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Patent Pick: Adhesion Holds the Secret to Highly Glossy and Saturated Metallics

Contact Author Rachel Grabenhofer
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Woman with metallic rose gold hands on face

According to the inventors on a new patent application, fine powders such as aluminum are widely used to impart a decorative metallic effect on skin. More recently, trendy metallic pigments in various color tones also have been developed. These are typically created by forming a resin film on the surface of a metallic pigment.

For example, one colored metallic pigment described previously is prepared by adding a monomer, a metallic pigment and a coloring pigment to an organic solvent in which a monomer having a double bond is soluble. However, as the present inventors explain, such pigments do not demonstrate high gloss or color saturation.

Techniques to solve these challenges have been presented but a new approach to optimize strong adhesion offers both high gloss and color saturation in colored metallic pigments.

Highly saturated, glossy metallic pigment

U.S. Pat App 20180186945

Publication date: July 5, 2018

Assignee: Toyo Aluminium Kabushiki Kaisha

Disclosed in this patent is a colored metallic pigment comprising: a metallic pigment, a coloring pigment and two additional compounds. The coloring pigment adheres to the surface of the metallic pigment in the presence of said compounds; the first of which has two or more carboxyl groups, and the second having one or more amino groups. The production process further includes forming a protective layer on a surface of the colored metallic pigment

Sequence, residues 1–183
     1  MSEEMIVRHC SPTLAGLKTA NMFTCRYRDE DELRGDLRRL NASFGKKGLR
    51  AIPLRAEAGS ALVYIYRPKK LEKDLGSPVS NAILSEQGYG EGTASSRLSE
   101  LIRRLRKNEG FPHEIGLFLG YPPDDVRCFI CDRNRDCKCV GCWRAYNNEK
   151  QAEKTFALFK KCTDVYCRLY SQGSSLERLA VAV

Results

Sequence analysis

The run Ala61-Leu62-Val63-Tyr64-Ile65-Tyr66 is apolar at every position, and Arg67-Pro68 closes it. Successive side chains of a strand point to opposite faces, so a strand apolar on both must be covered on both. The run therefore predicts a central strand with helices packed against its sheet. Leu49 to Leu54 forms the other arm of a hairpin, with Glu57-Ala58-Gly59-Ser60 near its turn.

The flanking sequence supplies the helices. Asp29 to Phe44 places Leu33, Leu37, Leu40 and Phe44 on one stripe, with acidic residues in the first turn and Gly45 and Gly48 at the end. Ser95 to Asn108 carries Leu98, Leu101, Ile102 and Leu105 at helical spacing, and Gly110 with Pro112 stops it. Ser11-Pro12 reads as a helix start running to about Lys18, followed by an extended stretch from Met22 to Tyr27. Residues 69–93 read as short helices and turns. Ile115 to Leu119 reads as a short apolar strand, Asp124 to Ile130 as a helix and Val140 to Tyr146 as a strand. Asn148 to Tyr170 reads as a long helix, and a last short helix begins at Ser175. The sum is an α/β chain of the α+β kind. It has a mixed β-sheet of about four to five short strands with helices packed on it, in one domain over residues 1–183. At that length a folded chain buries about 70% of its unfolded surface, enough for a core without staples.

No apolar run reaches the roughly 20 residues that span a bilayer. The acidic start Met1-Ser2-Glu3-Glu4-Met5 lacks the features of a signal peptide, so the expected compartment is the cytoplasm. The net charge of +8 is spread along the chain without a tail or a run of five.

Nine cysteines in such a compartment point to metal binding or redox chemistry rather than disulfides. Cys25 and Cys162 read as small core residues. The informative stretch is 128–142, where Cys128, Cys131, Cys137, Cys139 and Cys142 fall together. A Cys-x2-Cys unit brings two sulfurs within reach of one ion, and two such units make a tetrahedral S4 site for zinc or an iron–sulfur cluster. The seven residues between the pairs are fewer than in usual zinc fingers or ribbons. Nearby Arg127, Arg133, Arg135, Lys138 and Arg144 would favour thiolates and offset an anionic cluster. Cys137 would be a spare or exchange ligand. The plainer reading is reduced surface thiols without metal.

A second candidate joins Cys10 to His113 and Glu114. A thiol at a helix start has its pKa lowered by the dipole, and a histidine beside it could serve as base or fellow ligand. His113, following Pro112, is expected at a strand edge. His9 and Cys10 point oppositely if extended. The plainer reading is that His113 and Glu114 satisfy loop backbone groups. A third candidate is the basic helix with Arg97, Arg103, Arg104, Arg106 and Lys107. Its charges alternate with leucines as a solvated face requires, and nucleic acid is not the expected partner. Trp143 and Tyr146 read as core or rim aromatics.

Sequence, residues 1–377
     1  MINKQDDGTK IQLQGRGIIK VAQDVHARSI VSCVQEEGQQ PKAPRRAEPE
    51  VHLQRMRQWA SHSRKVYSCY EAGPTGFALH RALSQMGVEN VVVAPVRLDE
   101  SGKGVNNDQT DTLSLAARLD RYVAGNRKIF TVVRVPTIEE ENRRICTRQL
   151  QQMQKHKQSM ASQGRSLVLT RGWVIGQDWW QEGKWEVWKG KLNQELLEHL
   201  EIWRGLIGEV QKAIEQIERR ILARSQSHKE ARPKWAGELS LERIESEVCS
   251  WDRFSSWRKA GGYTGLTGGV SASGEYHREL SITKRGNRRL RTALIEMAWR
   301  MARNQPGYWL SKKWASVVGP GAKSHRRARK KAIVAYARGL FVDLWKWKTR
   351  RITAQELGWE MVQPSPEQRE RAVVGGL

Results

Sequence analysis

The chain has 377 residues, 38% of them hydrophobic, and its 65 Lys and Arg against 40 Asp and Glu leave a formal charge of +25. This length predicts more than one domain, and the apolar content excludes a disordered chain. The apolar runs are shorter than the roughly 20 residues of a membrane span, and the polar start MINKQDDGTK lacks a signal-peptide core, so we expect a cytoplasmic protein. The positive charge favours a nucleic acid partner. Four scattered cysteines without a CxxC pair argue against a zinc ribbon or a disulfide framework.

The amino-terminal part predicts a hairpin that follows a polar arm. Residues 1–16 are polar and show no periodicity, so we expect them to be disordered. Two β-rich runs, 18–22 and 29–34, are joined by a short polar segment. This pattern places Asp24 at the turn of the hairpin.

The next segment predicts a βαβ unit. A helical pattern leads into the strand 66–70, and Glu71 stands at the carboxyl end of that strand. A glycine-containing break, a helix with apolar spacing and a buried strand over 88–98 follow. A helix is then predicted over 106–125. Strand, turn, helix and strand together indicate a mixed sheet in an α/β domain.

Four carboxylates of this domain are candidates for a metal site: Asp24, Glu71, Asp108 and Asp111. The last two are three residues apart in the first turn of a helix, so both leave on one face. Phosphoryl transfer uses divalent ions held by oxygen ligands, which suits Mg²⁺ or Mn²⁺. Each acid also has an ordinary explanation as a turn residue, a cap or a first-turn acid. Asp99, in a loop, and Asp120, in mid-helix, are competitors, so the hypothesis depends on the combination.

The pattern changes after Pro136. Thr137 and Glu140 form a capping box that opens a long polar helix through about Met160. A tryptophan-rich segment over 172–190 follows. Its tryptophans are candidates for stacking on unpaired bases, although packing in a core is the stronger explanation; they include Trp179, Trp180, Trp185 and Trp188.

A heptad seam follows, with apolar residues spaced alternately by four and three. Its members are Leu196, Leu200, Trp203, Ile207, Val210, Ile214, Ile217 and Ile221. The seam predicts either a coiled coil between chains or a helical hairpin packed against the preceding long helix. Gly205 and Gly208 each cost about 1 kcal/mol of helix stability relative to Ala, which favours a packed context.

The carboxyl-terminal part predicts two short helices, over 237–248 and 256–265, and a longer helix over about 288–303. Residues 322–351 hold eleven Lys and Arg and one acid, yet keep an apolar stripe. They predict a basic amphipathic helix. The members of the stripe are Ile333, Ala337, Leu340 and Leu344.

The first compound, a polymerized carboxylic acid, is obtained, for example, by polymerizing linseed oil fatty acid or soybean oil fatty acid with or without acrylic acid. The second compound is selected from: ethylenediamine, phenylenediamine, tetramethylenediamine, pentamethylenediamine, hexamethylenediamine, 1,12-dodecanediamine, alicyclic diamine, alicyclic triamine, alicyclic tetraamine and alicyclic polyamine.

The resulting cosmetic has a hiding power reportedly superior to cosmetics containing pearl pigments and can exert a bright hue even if the cosmetic contains water. Potential applications include lipstick, foundation, blusher, eye shadow, nail enamel and mascara, hair cosmetics such as hair gel, hair wax, hair treatment, shampoo and hair manicure, and basic cosmetics such as lotion, foundation cream and sun block.

Patent application accessed on July 21, 2018.

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